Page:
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The idea of unlimited precision arithmetic is amazing and Python has it as standard. What is bignum and how does it work explained in this extract from my book, Programmer's Python: Everything is Data.
Everything is Data
Is now available as a print book: Amazon
- Python – A Lightning Tour
- The Basic Data Type – Numbers
- Truthy & Falsey
- Dates & Times
- Sequences, Lists & Tuples
Extract Unicode Strings
- Regular Expressions
- The Dictionary
Extract The Dictionary ***NEW!!!
- Iterables, Sets & Generators
- Data Structures & Collections
- Bits & Bit Manipulation
Extract Bytes And Strings
Extract Byte Manipulation
- Binary Files
- Text Files
- Creating Custom Data Classes
- Python and Native Code
Extract Native Code
Appendix I Python in Visual Studio Code
Appendix II C Programming Using Visual Studio Code
The Basic Data Type – Numbers
Every computer language has data types that are simple and are used to build all of the other data types. Python partly follows the pattern of having simple numerical types and a simple string type, but it also has some surprises if you are relying on it to be like every other language you have encountered. In particular, its approach to numeric values is very different. Numbers are where it all begins and so this is a good place to start our look at basic types.
Int, Float and Complex
There are three built-in numeric types – int, float and complex. Python’s int is very different from what you will find in other languages, but its float is fairly standard. The complex type isn’t at all complex as long as you know about complex numbers, but it is unusual to have it as a built-in type.
To start at the beginning, let’s ask why we have ints and floats at all? Beginners often have trouble seeing that there is a difference between:
myVar = 42
myVar = 42.0
From the point of view of what they mean then there really is no difference, but they are generally stored in different ways. This is the reason why in other languages numeric variables are assigned either the type of int(eger) or float. In Python variables don’t have types and mVar can equally well reference 42 as an int or as a float, but the objects that are referenced are very different.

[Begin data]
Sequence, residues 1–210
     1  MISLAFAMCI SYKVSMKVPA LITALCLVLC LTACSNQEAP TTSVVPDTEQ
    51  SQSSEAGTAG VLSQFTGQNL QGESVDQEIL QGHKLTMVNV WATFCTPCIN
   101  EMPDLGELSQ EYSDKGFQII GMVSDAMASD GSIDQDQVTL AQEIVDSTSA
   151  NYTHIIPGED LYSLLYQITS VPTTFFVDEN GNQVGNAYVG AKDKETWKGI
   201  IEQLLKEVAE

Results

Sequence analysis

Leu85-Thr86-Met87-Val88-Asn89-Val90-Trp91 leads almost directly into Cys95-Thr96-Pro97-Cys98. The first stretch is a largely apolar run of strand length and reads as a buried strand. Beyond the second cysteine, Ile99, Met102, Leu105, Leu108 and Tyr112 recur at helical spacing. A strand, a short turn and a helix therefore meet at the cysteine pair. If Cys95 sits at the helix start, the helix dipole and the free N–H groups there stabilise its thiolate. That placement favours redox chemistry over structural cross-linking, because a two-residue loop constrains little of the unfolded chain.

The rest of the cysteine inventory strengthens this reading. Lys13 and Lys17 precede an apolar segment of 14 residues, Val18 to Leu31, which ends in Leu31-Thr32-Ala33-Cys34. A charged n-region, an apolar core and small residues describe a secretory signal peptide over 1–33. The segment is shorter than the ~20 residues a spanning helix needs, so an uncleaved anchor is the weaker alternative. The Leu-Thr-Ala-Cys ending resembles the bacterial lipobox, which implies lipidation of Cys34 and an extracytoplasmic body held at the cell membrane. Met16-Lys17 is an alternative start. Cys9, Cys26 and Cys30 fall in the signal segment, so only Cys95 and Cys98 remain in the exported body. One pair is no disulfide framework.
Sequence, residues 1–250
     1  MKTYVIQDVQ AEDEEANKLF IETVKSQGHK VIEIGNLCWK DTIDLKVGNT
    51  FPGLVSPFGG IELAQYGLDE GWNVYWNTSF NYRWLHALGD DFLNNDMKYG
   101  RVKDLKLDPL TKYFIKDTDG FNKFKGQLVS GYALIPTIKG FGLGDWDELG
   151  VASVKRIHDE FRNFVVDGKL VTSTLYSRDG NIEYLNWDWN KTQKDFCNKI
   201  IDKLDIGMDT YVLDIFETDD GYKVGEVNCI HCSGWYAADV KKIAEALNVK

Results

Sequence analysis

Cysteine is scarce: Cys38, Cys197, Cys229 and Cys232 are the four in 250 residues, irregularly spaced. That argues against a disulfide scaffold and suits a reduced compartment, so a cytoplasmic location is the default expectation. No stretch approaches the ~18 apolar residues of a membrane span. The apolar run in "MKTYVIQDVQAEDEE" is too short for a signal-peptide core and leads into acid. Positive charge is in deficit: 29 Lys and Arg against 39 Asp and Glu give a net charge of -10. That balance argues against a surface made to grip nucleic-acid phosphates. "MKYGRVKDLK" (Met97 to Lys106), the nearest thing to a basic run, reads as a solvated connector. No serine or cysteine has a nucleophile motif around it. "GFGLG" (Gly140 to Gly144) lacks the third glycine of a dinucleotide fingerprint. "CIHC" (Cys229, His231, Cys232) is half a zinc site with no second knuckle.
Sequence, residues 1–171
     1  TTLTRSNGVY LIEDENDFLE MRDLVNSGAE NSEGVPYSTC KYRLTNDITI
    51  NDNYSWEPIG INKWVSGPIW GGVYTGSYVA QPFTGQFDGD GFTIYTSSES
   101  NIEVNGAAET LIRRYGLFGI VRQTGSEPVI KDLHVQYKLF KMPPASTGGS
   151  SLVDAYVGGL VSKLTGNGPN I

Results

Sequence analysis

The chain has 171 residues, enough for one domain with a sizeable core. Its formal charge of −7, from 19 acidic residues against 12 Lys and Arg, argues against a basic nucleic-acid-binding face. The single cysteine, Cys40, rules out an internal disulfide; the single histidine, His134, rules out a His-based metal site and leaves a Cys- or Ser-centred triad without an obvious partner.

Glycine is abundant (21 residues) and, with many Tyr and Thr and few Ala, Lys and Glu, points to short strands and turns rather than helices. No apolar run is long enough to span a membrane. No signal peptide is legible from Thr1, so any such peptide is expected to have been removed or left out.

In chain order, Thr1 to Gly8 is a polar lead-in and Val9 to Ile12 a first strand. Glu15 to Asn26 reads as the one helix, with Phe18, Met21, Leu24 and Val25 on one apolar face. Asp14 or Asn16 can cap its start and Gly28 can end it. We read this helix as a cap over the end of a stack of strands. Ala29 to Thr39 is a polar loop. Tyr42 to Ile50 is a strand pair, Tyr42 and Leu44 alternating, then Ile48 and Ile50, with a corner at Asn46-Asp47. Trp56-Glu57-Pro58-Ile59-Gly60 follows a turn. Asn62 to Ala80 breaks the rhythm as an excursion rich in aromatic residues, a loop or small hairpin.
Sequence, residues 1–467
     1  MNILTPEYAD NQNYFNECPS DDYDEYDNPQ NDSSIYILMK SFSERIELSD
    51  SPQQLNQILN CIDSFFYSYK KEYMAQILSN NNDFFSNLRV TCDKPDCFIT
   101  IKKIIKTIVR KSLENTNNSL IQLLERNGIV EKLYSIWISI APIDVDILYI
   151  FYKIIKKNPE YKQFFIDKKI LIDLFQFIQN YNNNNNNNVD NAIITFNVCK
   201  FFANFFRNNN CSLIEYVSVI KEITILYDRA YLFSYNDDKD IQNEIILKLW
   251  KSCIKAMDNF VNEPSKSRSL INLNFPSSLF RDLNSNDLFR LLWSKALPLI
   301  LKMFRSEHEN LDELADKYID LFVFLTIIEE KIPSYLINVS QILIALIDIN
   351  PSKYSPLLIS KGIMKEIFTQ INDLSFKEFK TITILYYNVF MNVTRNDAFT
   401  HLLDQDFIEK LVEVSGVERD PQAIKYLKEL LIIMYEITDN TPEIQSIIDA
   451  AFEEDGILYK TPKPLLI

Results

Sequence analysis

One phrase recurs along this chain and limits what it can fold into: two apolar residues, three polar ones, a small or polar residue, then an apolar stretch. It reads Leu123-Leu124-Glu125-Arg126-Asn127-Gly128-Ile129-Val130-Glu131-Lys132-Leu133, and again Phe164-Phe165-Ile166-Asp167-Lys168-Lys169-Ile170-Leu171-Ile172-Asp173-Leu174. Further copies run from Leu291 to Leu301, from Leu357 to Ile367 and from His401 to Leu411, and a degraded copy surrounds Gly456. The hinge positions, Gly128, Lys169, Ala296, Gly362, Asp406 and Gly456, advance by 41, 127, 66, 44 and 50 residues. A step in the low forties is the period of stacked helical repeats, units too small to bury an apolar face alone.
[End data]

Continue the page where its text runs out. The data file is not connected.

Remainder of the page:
The int type cannot have a fractional part – there is no provision for it in the way it is represented internally.
The float type always has a fractional part, even if it is zero.
As far as possible Python tries to hide the distinction from you, but occasionally you need to notice it if you hope to get an appropriate answer.
If you write a number with a decimal point then Python assumes that it is a float. If the number doesn’t have a decimal point it is represented as an int.
All Python floats are based on C’s double precision type, which on most machines is an 8-byte, 64-bit IEEE 754 floating point number. As such there is very little to say that is Python-specific. It is worth pointing out that floating point numbers, and binary representations in general, often fail to represent decimal fractions as you might naively suppose. The best known such problem is:
print(0.1 + 0.1 + 0.1)
The reason for the discrepancy is that 0,1 cannot be represented exactly in binary in the same way that 1/3 cannot be represented exactly in decimal the best we can do is 0.3333.. repeating the 3 until we run out of precision. This sort of problem isn’t just surprising it is capable of causing algorithms to fail in unexpected ways. For example:
f = 0
for i in range(0,1000):
f = f+0.1
should print 100, but in fact prints:
You can imagine the problems caused if you try to test f==100.0. In general you should avoid testing floating values for equality and recast the condition in terms of greater than or equals, or less than or equals, to allow for inaccuracies due to floating-point arithmetic.
Python’s complex numbers are essentially a pair of floats complete with suitable operations. If you understand complex numbers you will have no difficulty working with them and this isn’t the place to explain how the math works. To create a complex value you can use the complex constructor or you can write literals using j as the imaginary number. For example:
z = 1.0 + 10.0j
z = z*2 + 42.0j
Once you have a complex number you can use it in arithmetic expressions and the operations will all be complex, along with the final result. If you are wondering why j is used in place of the more commonly encountered i, it is because Python follows the practice in engineering to avoid confusion with i for current. You can also use a range of different constructors to create complex numbers.
z = complex(1.0,10.0)
z = z*2+complex("42.0j")
You can consult the documentation to find out about ways of creating complex numbers.